10 Amazing Man-Made Wonders In The World

The world is full of wonderful and exciting places. This also includes some of the man-made wonders, which can be seen in the form of tombs, statues and other unique structures. Here is a selected list of 10 Amazing Man-Made Wonders In The World in alphabetical order that you should visit at least once in your lifetime.

1) Baths of Caracalla, Rome

Rome isn’t just about the Colosseum since it has other tourist attractions you can visit in this historic city such as the Baths of Caracalla. It was originally built around 212 AD as a bath complex that can fit up to 10,000 people, complete with various facilities like cold (frigidarium) & hot (caldarium) baths and a large swimming pool (natatio). In 2017, visitors were able to witness the “original” structure of the bath complex in 3D virtual reality using a pair of state-of-the-art goggles. The good news is, you still can experience the virtual reconstruction of the ancient site until the end of 2019.

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2) Borobudur, Indonesia

Borobudur was known as the largest stupa (dome-shaped shrine) in the world believed to be built circa 750 AD. After the shrine was abandoned and became half buried, it was later rediscovered in 1814 and a decade-long major restoration took place to preserve the shrine. Today, Borobudur has attracted many tourists from around the world and even served as an annual holy event on Wesak Day.

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3) Easter Island, Chile

No visit to Chile would be complete without stopping by at the Easter Island, famed for its mysterious humanoid-looking moai statues carved by the Rapa Nui people between 1250 and 1500 AD. Here’s the fun fact on how the island got its name in the first place: A Dutch explorer named Jacob Roggeveen was on an expedition when he “discovered” the island on April 5th, 1722. It was Sunday on that day and coincidentally, the particular date also happened to be Easter on the Christian calendar. He eventually honoured that day of his discovery by naming the island as Easter Island and the rest, of course, is history.

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4) Emperor Qin’s Tomb, China

Believe it or not, it took nearly 40 years from 246 BC to 208 BC to build the famed life-sized Terracotta Army within the elaborate mausoleum of Emperor Qin Shi Huang. The soldiers were all meticulously constructed using clay material and each of them served to protect the emperor in the afterlife.

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5) Gardens By The Bay, Singapore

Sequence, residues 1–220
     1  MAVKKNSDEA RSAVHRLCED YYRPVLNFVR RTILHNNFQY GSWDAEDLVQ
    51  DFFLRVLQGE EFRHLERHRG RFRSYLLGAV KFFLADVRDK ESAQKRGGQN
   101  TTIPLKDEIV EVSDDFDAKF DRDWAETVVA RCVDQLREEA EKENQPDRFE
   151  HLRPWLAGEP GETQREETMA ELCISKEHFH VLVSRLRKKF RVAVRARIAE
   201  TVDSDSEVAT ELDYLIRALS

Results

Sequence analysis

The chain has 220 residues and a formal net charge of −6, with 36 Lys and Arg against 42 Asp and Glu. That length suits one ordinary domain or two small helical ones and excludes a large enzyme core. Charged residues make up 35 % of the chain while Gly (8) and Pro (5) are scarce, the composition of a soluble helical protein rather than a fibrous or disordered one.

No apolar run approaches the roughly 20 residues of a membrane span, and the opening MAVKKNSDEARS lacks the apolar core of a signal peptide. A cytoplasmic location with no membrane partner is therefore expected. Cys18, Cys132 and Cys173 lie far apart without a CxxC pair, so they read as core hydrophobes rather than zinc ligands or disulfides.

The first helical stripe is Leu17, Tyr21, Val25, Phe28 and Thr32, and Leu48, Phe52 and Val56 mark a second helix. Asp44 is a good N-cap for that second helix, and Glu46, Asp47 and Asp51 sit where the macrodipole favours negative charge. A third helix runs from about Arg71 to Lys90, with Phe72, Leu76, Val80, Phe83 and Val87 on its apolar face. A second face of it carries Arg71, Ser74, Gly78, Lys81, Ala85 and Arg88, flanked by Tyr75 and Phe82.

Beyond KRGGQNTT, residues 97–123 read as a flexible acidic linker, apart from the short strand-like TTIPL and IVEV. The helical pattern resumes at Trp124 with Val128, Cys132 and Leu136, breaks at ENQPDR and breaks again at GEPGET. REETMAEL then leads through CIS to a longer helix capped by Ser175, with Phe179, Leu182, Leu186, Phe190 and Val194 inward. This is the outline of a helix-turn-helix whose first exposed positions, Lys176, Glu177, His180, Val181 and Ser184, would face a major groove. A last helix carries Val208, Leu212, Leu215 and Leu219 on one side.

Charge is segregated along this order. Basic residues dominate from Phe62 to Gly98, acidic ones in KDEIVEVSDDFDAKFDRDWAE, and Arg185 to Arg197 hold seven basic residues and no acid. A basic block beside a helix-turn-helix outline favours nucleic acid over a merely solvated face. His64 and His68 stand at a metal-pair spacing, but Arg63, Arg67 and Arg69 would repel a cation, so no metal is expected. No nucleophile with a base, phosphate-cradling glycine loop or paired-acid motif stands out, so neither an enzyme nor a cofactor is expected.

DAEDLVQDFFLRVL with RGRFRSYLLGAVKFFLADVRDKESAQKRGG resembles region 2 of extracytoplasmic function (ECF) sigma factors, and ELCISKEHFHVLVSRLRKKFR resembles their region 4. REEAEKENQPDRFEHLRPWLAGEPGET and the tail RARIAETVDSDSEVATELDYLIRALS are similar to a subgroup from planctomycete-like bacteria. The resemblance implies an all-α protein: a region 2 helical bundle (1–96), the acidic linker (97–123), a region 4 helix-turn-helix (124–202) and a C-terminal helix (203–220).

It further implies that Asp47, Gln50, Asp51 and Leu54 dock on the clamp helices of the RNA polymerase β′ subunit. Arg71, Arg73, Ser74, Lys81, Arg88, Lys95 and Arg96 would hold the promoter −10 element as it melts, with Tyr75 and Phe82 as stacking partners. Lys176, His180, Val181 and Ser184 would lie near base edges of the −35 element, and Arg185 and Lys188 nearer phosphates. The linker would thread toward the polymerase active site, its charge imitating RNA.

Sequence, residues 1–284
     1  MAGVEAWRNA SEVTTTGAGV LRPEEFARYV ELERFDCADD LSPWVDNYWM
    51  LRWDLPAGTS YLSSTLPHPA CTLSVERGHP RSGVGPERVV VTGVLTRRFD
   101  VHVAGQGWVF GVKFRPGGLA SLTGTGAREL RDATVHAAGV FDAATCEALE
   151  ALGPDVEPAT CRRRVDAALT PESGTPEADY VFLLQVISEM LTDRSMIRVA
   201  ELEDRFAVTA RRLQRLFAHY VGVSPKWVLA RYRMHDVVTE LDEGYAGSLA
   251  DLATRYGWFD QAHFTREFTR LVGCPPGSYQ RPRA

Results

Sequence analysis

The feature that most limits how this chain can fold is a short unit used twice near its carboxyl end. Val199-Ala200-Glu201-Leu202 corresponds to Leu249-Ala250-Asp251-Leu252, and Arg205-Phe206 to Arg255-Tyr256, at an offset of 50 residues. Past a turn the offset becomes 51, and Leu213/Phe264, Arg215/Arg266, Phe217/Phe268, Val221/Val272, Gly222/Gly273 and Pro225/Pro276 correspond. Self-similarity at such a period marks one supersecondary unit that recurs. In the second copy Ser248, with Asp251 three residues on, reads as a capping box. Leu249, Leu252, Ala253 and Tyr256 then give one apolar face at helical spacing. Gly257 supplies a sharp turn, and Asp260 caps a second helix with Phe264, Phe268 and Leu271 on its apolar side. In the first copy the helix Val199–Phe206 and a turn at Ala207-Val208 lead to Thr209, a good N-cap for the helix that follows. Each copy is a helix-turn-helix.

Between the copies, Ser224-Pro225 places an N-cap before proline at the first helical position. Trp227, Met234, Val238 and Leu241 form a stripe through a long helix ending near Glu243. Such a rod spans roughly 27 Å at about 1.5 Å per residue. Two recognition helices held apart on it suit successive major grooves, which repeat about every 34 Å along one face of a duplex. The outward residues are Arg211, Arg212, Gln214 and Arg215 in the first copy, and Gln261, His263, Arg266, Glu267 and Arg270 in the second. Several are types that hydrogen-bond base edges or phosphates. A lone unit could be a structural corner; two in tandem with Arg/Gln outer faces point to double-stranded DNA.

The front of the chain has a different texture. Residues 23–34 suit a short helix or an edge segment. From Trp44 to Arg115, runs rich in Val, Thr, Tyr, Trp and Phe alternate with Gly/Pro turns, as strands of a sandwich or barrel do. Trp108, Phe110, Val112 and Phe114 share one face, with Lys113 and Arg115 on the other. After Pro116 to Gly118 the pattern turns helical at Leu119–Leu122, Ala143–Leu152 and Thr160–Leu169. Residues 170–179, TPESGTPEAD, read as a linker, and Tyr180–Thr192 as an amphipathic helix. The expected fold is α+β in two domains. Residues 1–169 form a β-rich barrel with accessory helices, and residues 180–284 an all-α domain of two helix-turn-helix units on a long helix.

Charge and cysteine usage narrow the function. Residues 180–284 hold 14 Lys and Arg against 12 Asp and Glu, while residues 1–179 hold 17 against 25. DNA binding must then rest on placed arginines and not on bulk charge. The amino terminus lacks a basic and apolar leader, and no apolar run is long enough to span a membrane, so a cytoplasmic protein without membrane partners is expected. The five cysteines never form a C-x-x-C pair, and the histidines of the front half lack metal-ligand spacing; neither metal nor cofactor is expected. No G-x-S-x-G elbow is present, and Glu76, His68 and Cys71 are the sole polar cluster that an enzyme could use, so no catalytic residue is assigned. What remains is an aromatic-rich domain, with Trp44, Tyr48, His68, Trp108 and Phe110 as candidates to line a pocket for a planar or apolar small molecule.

This award-winning 101-hectare horticultural park needs no introduction. It is one of the biggest tourist attractions in Singapore apart from the iconic Merlion statue and the Marina Bay Sands hotel. First opened in 2012, Gardens by the Bay features unique funnel-shaped giant trees a.k.a. “Supertree Grove” towering as high as 50 metres tall. You can even “climb” the tree where there is a suspended walkway that allows you to enjoy a bird’s eye view of the spectacular garden. But nighttime is where the magic begins, with the trees illuminated in all its colourful glory that light up the garden.

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6) Golden Bridge, Vietnam

Enjoy the panoramic view of breathtaking Vietnam’s mountains and lush greenery at over 4,500 feet above sea level on the 150-metre-long bridge known as Cau Vang (Golden Bridge). However, the real attraction here is the iconic giant rock statues shaped like a pair of “aged” human hands “holding” the bridge together. The hands may look as if they have been there for decades. But the truth is, the Golden Bridge only opened its doors to the public in June 2018. And those weathered look of the antiqued hands? They are actually designed as such to make them look “old”.

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7) Humayun’s Tomb, India

Most of us often associate “Taj Mahal” with “India”. But here is an alternative man-made wonder worth visiting if you happen to be in the country: Humayun’s Tomb. Built by Mirak Mirza Ghiyath in 1565 AD, the stunning tomb was constructed in memory of Humayun, the Mughal Emperor of India who died in 1556.

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8) Machu Picchu, Peru

Sitting more than 8,000 feet above sea level in Peru’s mountain range of the Urubamba Valley lies a majestic ancient site known as Machu Picchu. It was once a city built around 1400 but left abandoned during the Spanish conquest a century later. Machu Picchu was largely unknown to the outside world until Hawaiian archaeologist Hiram Bingham rediscovered the site in 1911.

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9) Petra, Jordan

Famously nicknamed as a “rose-red city, half as old as time”, Petra (which also means “rock” in Greek and Arabic) was discovered by Swiss explorer Johann Ludwig Burckhardt in 1812. Located on the slopes of Mount Hor in Jordan, it was believed that the ancient site has already existed before 106 AD and used to be a trading centre and capital of the Nabataean kingdom.

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10) Teotihuacan, Mexico

This mysterious but famous archaeological site in the northeast Mexico City has long existed way back around 100 BC. It was once an ancient city spanning over 20 square kilometres, housing probably more than hundreds of thousands of inhabitants. The Aztecs named it as Teotihuacan after taking over the abandoned city around 1,400 years ago.

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